I was stunned.
Then I looked online and replacing it wasn't terribly expensive either.
I still find it odd that one bulb blew and the week after I replaced it the other blub blew.
BTW, you have to be careful as there are lots of rip offs out there doing excellent SEO work to get your money. When I first put in my bulb numbers some LED versions came up for $40/pair vs. the ones I knew I needed which ended up being $4/pair.
The blinkers went offline again today and the emergency flashers did reboot whatever caused it one more time. I kind of remember having sporadic blinker issues a time or two in the past but nothing that stayed off and it recovered on it's own back then.
I see a repair bill coming in my near future as anything that keeps doing this is probably going to escalate into a full blown failure soon. I'm just hoping it's not the electrical system causing the problem as I've read that the either a faulty generator or regulator could cause spikes that zap the relays in such a manner. This would also explain both blinker bulbs blowing in near tandem a few months back. Of course that could also cause a variety of blown fuses and circuits if it's the case so I could be sitting on an electrical system time bomb that a simple test could detect and save me a bunch of money down the road. Trip to the mechanic for a diagnostic coming real soon.
| 6:48 am on Apr 17, 2013 (gmt 0)|
"generator or regulator"
I haven't seen those referenced for quite a while. Alternators replaced the generator/regulator combination sometime in the early 70s if I recall correctly.
Diagnostic codes are the proper way to diagnose and service modern vehicles, workarounds are possibly suitable for field repairs until you can get to a technician. I sold my 54 Ford, I've never looked back.
| 8:21 pm on Apr 25, 2013 (gmt 0)|
your flasher relay is going bad.... it has to be replaced, this will just keep happening till the "trick" doesn't even work anymore.
| 8:29 pm on Apr 25, 2013 (gmt 0)|
Took 2003 Ford Explorer in because ABS light on dash kept coming on. Tech said it need a new pressure transducer switch. They wanted $175 to replace. After a little research I figured out what they called a pressure transducer switch everybody else called a brake pressure switch. Bought it at the Ford parts department for just under $32. Took less than two minutes to replace. Saved over $140. Could've saved more if I ordered the switch online and waited 4-5 days for it to get here.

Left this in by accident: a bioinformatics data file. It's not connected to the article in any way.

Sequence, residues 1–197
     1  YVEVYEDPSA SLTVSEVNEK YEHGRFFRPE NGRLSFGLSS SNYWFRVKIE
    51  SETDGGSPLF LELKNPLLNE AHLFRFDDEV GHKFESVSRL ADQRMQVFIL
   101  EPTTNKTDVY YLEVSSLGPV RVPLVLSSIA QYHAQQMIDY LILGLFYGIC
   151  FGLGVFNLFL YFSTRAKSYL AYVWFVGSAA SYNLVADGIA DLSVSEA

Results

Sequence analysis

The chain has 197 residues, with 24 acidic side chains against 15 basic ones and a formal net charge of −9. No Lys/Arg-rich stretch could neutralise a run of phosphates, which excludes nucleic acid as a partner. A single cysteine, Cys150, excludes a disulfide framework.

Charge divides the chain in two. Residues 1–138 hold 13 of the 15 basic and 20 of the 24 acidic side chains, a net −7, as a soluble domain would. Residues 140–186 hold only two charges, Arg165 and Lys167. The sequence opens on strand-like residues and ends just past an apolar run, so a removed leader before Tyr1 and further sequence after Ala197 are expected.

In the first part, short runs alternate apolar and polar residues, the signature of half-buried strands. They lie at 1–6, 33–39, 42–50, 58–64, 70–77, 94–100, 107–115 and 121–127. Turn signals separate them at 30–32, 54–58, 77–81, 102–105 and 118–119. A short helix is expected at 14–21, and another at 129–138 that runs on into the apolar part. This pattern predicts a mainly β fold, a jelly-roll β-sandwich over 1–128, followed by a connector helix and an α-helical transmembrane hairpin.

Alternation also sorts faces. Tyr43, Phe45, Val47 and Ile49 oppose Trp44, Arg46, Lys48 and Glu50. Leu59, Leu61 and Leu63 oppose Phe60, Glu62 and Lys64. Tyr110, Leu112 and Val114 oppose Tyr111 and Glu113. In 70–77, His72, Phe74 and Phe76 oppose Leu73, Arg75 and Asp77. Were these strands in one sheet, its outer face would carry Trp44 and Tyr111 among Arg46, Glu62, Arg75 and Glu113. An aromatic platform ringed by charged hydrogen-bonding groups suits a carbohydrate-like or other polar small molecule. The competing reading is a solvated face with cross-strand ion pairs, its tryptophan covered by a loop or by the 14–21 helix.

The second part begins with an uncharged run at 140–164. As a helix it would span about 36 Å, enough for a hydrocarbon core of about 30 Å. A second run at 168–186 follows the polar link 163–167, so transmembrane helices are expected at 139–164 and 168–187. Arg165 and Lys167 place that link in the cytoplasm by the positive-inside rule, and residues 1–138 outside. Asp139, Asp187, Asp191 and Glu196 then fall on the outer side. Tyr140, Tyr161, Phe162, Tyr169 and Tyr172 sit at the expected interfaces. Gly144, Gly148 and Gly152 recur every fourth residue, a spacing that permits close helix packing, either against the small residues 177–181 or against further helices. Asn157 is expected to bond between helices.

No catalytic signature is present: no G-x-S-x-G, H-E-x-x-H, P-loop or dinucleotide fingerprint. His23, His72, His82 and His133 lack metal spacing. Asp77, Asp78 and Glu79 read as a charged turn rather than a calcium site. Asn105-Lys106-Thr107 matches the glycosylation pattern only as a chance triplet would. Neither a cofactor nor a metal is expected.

| 11:21 pm on Apr 25, 2013 (gmt 0)|
LAwman - Speaking of brakes.. About 30 years ago I was spending my summers down the jersey shore. My friend had a 60's mustang. I dropped over and he was just finishing up replacing the front brakes.
"Wanna go for a ride"? Being older now, I would have realized that, given the two empty Heineken six packs, "NO" Would have been the correct response.
But, being young and dumb, I hopped in. The bay was 2 blocks away and he headed that- a-way banging through the gears.. As we got ready to make the turn onto the side street I hear (*#&#&*#&^ and saw that the brake pedal was down to the floor without producing the slightest amount of braking friction.
He downshifted back down and we took the turn at an insane velocity.. We made it back to his driveway without having done an instant replay of Chappaquiddik.
The post mortem revealed that he had forgotten to install one of the cylinder pins resulting in the brake fluid draining out on the first application of the brakes.
| 1:24 am on Apr 26, 2013 (gmt 0)|
faulty generator or regulator could cause spikes that zap the relays in such a manner.
lol.. what? you mean alternator and um... diodes? you'll blow your battery up long before it zaps anything low voltage in your car.......cause thats how it all feeds.
| 11:39 pm on Apr 27, 2013 (gmt 0)|
FWIW, the blinker hasn't had a single issue since. Works like nothing ever happened and we've been all over hell and back recently, lots of road time.
However, the right rear window suddenly appears to have lost power and I haven't had time to figure out if it's broken wiring in the door, if it's even getting current or popped a fuse or something as there's a few fuses inside the car and some big fuse panel on the engine that really takes a mechanic to figure out. Not to mention I don't own a volt meter anymore so I can't so a simple test at the moment.
The interesting part was the left rear window worked a few days earlier, then I got an oil change and they sprayed the door hinges as part of the regular service and later that day is when I noticed the window didn't work. Coincidence?
I'm actually starting to think the car has gremlins!
My other hypothesis is now that it's 13 years old it's just behaving belligerently like any other teenager.